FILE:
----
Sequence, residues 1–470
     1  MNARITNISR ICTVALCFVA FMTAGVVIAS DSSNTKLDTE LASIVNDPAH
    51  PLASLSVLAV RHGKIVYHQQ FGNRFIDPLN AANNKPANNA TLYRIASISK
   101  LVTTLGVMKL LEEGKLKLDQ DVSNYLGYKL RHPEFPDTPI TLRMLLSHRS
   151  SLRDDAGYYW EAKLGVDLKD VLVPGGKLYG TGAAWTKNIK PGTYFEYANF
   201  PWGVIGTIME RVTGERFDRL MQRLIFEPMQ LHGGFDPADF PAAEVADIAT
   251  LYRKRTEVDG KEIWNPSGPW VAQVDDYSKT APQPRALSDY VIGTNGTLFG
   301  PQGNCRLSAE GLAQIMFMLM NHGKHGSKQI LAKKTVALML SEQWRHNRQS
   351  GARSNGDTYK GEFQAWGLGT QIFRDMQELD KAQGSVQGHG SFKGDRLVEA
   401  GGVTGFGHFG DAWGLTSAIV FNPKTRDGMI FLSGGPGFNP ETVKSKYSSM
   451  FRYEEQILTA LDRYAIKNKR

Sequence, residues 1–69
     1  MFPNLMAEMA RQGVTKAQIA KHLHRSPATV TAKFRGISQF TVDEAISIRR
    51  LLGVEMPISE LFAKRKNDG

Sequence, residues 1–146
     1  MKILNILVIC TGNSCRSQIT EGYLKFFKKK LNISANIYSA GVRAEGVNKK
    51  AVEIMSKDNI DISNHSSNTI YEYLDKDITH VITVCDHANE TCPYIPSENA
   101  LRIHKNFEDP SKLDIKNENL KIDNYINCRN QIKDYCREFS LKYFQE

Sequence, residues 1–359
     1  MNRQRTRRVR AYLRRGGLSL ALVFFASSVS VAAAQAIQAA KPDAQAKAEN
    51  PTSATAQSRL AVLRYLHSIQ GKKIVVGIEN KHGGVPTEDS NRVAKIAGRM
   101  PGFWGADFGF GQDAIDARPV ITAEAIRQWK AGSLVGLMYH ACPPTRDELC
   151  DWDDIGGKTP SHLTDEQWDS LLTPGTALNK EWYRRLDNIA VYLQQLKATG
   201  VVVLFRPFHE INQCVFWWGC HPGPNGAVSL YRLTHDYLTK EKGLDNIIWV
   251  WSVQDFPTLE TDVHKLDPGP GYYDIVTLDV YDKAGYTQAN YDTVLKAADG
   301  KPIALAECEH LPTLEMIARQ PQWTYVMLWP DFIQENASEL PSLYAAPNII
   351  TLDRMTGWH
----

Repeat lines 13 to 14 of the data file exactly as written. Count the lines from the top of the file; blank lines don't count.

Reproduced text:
     1  MFPNLMAEMA RQGVTKAQIA KHLHRSPATV TAKFRGISQF TVDEAISIRR
    51  LLGVEMPISE LFAKRKNDG